Kitsumkalum Lake Road
From Terrace the exceptionally scenic Kitsumkalum (Kalum) Lake Road heads north into a largely undeveloped hinterland. Viewpoint after viewpoint reveals extensive views over the valley and west to the glacial peaks. The Kitsukalum road is surfaced only as far as Rosswood (51 km / 32 mi), a small settlement at the northern end of Kitsumkalum Lake.
At Rosswood the Kalum Lake Road meets the Nass Road, a graveled logging road belonging to the Skeena Cellulose Company. The Nass Road is open to private vehicles but the big timber trucks, usually traveling at speed, always have right of way (keep headlights on and take avoiding action!). Black bear, moose, deer, Rocky Mountain goats and beaver are a common sight in this area. Look out also for the rare and seldom seen kermodei bear.
Past the Nass Camp logging station the road eventually meets (after 138 km / 86 mi) the now tarmacked Stewart Cassiar Highway (Hwy. 37), principal route from British Columbia to Alaska. - A map of the Nass River region is available from the Terrace Chamber of Commerce.From the road-end the detour can be extended by taking the Stewart Cassiar Hwy. north over Bear Pass to Stewart (147 km / 91 mi). Alternatively follow Hwy. 37 south again for 86 km / 53 mi, passing the Indian villages of Kitwancool and Kitwanga, to rejoin the Yellowhead Highway (Hwy. 16) north-east of Terrace.From Bear Pass the road follows the narrow, deeply incised valley of the Bear River to the small town of Stewart, situated at the head of a 145 km / 90 mi long fiord known as the Portland Canal down the center of which runs the Canadian-Alaskan (US) frontier. The harbor here, the most northerly on the Pacific coast of Canada, remains ice-free throughout the year and is a ferry stop for the "Alaska Marine Highway".With worthwhile deposits of gold, silver and copper in the surrounding, over 2000 m / 6550 ft high mountains, Stewart started life at the beginning of the century as a mining town, its fortunes being closely linked to raw materials prices. In its short heyday around 1910 the population grew to over 10,000, but after the Second World War fell to below 20.The town's chequered history is recorded in the old Fire Station. Quite a number of films have been made on location in Stewart, and in the exceptionally attractive country around it.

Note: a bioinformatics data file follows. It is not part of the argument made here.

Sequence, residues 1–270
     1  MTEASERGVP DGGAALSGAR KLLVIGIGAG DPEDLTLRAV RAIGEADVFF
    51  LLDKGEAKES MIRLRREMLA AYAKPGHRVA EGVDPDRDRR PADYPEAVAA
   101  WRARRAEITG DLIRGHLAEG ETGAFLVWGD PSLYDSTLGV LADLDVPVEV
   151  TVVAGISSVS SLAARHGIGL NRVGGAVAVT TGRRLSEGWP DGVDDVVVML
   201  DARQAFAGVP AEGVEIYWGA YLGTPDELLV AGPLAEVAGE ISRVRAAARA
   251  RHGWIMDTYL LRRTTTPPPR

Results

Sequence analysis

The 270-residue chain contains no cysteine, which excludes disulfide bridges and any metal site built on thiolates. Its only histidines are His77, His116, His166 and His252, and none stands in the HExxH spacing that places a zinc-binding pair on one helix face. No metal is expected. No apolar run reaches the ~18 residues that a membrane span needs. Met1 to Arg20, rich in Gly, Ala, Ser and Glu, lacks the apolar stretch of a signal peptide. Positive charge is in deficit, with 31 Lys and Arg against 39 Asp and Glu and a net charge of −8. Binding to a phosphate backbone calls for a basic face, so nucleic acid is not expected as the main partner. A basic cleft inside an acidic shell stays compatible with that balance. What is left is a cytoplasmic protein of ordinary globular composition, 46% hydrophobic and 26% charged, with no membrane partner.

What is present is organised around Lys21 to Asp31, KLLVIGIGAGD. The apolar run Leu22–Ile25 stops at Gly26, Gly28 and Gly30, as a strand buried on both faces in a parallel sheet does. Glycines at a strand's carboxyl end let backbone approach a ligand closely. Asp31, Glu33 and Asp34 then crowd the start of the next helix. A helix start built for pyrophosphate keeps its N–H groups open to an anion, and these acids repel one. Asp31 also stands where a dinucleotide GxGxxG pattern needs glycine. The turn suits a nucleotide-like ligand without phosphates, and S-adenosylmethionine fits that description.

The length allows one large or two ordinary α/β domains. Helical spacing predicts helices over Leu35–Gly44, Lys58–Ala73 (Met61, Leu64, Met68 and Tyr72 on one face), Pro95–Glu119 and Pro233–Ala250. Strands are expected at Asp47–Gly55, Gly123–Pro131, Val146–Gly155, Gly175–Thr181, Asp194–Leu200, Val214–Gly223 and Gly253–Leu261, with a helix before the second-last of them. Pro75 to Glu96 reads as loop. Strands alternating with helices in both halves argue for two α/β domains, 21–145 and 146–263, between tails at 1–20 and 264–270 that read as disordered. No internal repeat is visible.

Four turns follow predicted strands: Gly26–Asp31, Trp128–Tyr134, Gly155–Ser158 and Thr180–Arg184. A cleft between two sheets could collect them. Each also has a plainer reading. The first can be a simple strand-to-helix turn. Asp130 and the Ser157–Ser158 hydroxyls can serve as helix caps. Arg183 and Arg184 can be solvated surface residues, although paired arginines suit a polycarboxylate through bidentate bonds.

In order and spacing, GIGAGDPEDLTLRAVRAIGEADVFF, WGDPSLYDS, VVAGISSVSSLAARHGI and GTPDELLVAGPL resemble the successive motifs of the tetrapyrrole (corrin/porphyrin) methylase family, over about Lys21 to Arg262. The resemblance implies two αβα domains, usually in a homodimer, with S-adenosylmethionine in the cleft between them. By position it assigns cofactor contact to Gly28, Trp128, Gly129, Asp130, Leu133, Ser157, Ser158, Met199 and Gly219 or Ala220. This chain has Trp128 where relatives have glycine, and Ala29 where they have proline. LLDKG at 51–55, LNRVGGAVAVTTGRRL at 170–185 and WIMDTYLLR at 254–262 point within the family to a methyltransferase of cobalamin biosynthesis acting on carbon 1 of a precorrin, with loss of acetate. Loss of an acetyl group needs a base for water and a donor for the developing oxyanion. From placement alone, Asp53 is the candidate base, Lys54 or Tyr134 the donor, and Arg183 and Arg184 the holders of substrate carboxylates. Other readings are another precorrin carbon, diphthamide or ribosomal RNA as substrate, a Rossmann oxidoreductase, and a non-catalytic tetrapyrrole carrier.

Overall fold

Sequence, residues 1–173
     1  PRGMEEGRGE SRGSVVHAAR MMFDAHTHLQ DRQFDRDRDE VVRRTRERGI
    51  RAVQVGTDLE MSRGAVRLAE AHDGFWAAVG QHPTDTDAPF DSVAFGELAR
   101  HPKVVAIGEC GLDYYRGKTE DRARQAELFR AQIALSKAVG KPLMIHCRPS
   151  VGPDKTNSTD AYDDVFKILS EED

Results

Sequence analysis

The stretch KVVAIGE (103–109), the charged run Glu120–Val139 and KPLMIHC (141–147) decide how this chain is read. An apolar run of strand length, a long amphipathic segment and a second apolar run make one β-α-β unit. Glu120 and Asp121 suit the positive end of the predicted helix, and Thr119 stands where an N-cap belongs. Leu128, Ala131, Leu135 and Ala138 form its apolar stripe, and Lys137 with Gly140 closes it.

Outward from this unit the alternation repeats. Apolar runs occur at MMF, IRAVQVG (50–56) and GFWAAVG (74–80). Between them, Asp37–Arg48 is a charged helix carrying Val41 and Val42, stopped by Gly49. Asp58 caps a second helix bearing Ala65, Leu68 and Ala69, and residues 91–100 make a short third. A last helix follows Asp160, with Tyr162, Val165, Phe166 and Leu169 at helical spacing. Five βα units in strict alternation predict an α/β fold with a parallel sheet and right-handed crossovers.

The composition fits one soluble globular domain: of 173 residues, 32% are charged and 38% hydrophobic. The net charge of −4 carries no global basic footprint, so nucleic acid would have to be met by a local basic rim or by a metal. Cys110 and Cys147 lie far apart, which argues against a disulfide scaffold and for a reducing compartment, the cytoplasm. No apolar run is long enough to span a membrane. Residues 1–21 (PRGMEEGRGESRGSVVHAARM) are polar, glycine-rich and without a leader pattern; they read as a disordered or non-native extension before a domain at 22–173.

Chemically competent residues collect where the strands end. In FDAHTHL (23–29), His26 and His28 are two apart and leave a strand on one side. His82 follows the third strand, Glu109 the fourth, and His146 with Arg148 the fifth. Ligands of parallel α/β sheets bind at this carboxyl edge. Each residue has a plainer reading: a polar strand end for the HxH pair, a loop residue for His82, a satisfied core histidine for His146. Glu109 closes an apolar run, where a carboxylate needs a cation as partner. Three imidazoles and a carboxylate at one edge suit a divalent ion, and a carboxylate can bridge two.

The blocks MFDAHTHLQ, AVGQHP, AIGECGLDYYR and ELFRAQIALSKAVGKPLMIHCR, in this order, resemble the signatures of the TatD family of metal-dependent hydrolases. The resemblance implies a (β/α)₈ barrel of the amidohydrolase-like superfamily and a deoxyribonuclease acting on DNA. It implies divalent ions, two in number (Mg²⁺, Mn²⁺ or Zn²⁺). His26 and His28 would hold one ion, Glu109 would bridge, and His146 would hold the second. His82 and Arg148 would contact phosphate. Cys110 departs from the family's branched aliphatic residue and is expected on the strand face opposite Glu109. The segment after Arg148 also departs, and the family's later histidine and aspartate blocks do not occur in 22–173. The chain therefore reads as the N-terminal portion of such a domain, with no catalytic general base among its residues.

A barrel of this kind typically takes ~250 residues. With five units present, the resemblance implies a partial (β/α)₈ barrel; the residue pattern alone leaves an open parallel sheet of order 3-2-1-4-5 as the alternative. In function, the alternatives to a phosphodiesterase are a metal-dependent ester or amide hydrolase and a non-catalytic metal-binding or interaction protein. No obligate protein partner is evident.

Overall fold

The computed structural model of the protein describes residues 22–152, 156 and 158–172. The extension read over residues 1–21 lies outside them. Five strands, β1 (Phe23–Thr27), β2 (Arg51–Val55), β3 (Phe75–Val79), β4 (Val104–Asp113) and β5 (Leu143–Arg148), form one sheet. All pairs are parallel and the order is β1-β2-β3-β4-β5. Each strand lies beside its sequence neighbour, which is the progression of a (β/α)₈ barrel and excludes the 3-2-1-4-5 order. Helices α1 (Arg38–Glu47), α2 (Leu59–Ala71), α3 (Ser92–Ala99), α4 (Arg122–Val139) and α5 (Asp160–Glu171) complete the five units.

Lava Lake (Tseax Lava Beds)
64 km (40 mi.) along the Nass Road Lava Lake lies contained by the Tseax lava stream. When the volcano (8 km (5 mi.) further east) erupted sometime in the 18th c., lava poured into the Nass River Valley, diverting the river northwards. Since then there have been no more eruptions.The actual lava stream is another 14 km (81/2 mi.) beyond Lava Lake itself. This area, known as the Tseax Lava Beds, remains largely denuded of vegetation, colonized only by lichens. As the lava cooled innumerable fissures, hollows and little lakes appeared. The expert eye can identify various different kinds of lava formation.
After 94 km (58 mi.) Greenville Road branches off left to Canyon City (8 km (5 mi.)). Here the Nass River has cut deeply into the lava and the settlement can only be entered on foot across a swaying suspension bridge.The side road ends at the remote Nishga Indian village of Greenville (population 1000).Canyon city is just a little village but is set in a beautiful scenic spot on the river with the mountains in behind. The suspesion bridge adds to the atmosphere.
New Aiyansh is now the main Nishga settlement, dating back only to 1958 when the road was laid. Note the richly decorated Tribal Council Hall and ornate totem poles. Permission can be obtained from the Band office to wander down to the river bank for a glimpse of the abandoned village of Old Aiyansh on the further side. It was founded by an Anglican missionary in 1885.